To stop the present day cities from dying a slow death, the government has plans to put systems and processes in place that will help to manage them much more efficiently. Towards this end, the government has finalised a list of 100 smart cities and another 500 cities that will be covered under the Atal Mission for Rejuvenation and Urban Transformation (AMRUT). These cities will not be greenfield projects but existing cities that will have systems to help it manage itself in a much more efficient manner. Since getting such systems, as per the needs and requirements of each city, it will take time before they will even qualify as a smart city. It will be difficult to see cities in full flow by 2020 but as the panellist stated that, there will be islands of excellence that will be created through intelligent interventions. Examples of such interventions can be visible in cities like Surat and Visakhapatnam. There is no denying the fact that the real estate sector by 2020 is going to be a much more mature market than what it is in the present day. However, which are the sectors that will hold the most promise in 2020?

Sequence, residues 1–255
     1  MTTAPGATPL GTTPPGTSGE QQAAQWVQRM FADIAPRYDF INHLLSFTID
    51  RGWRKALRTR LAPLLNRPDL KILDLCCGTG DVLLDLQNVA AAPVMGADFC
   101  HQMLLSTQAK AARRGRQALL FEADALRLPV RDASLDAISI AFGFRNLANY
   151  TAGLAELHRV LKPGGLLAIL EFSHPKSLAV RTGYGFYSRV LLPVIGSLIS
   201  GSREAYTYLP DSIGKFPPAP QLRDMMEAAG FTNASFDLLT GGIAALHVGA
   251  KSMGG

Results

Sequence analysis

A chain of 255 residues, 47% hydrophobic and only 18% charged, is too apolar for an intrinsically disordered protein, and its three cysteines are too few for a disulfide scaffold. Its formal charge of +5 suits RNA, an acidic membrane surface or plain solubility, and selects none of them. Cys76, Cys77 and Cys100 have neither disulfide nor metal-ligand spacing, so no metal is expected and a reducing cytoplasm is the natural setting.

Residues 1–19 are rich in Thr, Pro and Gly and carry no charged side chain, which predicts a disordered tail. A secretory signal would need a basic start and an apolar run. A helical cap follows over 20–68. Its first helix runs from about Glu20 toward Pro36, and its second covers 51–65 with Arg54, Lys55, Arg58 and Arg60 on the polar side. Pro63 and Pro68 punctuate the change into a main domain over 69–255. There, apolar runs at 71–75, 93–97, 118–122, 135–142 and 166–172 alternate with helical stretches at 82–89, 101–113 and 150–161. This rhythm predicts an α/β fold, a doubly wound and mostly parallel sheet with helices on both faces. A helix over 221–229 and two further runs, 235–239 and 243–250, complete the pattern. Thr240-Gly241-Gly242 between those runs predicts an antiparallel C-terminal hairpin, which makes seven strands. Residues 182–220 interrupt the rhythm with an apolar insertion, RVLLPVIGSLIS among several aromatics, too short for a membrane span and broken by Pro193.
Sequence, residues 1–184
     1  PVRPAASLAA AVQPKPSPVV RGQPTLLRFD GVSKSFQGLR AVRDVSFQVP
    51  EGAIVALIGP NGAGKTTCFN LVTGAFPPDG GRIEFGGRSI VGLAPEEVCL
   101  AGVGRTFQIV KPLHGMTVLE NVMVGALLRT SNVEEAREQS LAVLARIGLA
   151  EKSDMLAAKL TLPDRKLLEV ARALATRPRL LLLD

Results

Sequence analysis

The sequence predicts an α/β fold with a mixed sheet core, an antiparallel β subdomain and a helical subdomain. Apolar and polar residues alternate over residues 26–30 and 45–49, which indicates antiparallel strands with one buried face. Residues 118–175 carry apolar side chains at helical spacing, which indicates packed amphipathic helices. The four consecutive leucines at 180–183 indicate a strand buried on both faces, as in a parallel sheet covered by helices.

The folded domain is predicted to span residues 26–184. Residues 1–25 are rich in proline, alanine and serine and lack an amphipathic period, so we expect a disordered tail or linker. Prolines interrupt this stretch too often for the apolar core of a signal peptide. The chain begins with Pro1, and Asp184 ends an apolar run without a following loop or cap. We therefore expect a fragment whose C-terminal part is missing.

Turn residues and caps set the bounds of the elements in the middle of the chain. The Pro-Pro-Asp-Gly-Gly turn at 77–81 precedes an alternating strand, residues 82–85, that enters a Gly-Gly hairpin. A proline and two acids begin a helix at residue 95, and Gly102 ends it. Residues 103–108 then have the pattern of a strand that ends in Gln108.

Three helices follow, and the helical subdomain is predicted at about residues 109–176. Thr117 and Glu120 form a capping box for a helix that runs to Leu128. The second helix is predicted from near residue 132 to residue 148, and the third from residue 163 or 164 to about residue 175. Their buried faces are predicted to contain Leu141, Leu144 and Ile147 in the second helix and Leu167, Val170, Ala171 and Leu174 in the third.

PEAK INTO THE FUTURE